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Rabbi Alt merited to learn under the tutelage of R’ Mordechai Friedlander ztz”l for close to five years. He received Semicha from R’ Zalman Nechemia Goldberg ztz”l. Rabbi Alt has written on numerous topics for various websites and publications and is the author of the books, Fascinating Insights and Incredible Insights. His writings inspire people across the spectrum of Jewish observance to live with the vibrancy and beauty of Torah. He lives with his wife and family in a suburb of Yerushalayim where he studies, writes, and teaches. The author is passionate about teaching Jews of all levels of observance.
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Paragon of Passion
The Gemara tells us אינו דומה…לשונה פרקו מאה ואחד, there is no comparison between one who learns something 100 times and 101. Another meaning of this statement is that there is no comparison between one who learns the material 100 times to one who learns it 100 times with the אחד—ה’. Connecting to Hashem while learning may be overlooked but is very necessary. Before we learn we should say I am learning Toras Hashem.
There are those, including R’ Akiva Eiger, who when for example learning Gemara would say אמר אביי—Abaye says the Ratzon Hashem is… So they would do with all their learning. There were Gedolim who when they didn’t comprehend what they were learning would stop and cry out to Hashem until they got the explanation.
R’ Berel Wein recalled that when he was in seventh grade in the Chicago Jewish Academy, the Rebbe would begin the shiur in the morning with the words we say at shacharis:אשרינו מה טוב חלקנו ומה נעים גורלנו ומה יפה ירשתנו אשרינו שאנחנו משכימים ומעריבים ערב ובקר ואומרים פעמים בכל יום שמע ישראל ה’ אלה-ינו ה’ אחד, we are fortunate, how good is our portion, how pleasant is our lot, and how beautiful is our heritage. We are fortunate for we come early and stay late, evening and morning and proclaim twice daily, Shema Yisrael Hashem Elokainu Hashem Echad. Then the Rebbe said, “Now we can learn.” How many of us say this before we start learning?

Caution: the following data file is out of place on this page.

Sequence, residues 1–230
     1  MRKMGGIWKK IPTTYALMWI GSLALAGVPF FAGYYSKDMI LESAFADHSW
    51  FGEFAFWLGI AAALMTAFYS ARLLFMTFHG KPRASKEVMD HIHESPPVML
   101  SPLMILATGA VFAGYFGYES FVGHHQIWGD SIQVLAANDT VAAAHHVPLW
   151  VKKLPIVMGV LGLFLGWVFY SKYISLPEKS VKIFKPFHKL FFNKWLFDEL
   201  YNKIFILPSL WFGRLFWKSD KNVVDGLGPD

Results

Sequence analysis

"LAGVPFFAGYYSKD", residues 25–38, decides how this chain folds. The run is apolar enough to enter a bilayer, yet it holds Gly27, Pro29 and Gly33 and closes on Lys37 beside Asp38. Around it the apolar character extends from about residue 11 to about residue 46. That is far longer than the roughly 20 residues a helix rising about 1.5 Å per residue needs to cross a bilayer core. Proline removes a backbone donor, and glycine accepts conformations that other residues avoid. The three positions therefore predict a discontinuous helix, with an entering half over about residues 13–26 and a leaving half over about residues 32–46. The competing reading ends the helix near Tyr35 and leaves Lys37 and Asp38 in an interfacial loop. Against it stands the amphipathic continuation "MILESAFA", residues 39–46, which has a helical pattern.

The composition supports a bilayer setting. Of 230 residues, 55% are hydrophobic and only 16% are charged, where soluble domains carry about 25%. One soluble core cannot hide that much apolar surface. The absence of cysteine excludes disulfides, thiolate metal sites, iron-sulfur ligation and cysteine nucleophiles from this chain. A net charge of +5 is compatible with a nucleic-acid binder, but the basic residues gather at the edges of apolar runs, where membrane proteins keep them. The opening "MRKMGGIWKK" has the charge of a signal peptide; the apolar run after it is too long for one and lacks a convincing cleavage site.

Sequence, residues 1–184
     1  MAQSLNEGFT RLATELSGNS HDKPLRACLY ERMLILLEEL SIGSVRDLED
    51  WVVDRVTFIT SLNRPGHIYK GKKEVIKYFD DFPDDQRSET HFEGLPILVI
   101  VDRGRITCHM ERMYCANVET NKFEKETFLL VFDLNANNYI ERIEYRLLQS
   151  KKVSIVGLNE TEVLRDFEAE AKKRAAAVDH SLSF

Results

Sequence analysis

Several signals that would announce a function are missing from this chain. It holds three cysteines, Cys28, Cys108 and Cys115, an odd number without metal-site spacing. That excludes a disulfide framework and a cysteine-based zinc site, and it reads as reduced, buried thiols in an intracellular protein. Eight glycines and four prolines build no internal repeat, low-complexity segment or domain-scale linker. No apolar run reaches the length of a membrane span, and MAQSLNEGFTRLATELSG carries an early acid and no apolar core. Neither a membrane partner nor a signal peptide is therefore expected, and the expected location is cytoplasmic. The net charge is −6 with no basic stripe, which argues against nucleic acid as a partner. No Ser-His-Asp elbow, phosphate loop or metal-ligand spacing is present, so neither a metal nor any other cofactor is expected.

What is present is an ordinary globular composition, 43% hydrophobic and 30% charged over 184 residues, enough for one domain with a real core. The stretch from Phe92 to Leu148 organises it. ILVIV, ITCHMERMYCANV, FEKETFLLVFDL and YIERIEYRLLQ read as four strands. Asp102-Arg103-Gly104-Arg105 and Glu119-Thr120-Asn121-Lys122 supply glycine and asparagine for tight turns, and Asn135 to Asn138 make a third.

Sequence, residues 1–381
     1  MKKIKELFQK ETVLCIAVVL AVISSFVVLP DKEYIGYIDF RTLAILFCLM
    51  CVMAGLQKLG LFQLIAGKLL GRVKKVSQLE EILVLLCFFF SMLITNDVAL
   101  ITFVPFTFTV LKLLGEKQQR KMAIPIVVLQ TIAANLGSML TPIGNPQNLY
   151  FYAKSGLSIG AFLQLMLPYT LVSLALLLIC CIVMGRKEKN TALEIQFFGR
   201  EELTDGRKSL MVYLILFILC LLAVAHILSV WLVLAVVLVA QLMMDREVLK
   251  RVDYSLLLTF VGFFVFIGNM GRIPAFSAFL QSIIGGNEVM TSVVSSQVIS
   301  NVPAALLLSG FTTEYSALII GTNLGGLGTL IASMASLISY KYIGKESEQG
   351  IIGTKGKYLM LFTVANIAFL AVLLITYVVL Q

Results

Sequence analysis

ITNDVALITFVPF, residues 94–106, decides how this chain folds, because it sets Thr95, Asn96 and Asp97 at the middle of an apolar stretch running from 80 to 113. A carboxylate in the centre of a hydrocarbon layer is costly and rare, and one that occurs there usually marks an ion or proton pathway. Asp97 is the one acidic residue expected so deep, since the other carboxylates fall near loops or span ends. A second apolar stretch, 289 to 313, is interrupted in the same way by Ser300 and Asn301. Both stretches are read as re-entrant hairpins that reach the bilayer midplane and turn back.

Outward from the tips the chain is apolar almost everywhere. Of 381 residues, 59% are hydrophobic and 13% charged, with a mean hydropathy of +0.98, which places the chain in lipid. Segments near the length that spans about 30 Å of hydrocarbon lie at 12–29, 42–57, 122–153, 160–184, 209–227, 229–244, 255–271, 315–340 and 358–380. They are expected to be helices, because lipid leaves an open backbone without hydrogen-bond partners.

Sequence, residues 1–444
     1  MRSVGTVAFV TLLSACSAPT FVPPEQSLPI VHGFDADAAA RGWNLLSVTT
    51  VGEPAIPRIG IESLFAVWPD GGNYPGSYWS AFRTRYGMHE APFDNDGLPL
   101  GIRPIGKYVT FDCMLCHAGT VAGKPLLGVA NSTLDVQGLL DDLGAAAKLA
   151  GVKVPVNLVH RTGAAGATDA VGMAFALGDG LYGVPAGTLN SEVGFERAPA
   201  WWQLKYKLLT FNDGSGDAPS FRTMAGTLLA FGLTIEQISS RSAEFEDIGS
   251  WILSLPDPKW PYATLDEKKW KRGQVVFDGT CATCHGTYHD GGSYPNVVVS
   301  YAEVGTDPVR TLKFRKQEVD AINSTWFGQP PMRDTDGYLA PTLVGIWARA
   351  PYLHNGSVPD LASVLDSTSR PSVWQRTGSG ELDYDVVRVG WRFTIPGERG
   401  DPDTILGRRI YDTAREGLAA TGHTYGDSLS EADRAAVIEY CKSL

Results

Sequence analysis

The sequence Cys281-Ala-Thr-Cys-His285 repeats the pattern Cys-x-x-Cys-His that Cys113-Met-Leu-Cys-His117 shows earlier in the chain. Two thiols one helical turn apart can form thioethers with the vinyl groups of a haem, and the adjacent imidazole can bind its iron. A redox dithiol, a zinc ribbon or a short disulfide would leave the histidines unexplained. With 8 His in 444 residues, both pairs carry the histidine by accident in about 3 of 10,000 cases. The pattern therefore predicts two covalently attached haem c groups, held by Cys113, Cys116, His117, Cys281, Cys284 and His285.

Chagiga 9b.
 See Nefesh Hachaim 4:7.
 Interestingly, this tefilla was compiled during a period of intense persecution.
 During the middle of the fifth century the Persian king, Yezdegerd the second, forbade the Jews to observe Shabbos and to recite Shema. His purpose was to eradicate belief in Hashem as the Creator (which is symbolized by Shabbos) and in His Oneness, as it is proclaimed in Shema. To ensure that Shema would not be read in defiance of his decree, the king stationed guards in shul for the first quarter of the day when Shema must be read. To counteract his plan, the Sages instituted two recitations of the first pasuk of Shema—the one read in this tefilla which was to be recited at home and another as part of the Shabbos Kedusha of Mussaf. Although these contain only the first pasuk of Shema, it is sufficient to fulfill the obligation of Shema in cases of extreme emergency (Brachos 13b). Even after Yezdegerd was killed, the two Shema recitations remained as it was, and the one that had been recited at home was included in the part of the tefilla in shul (after Birchos Hashachar).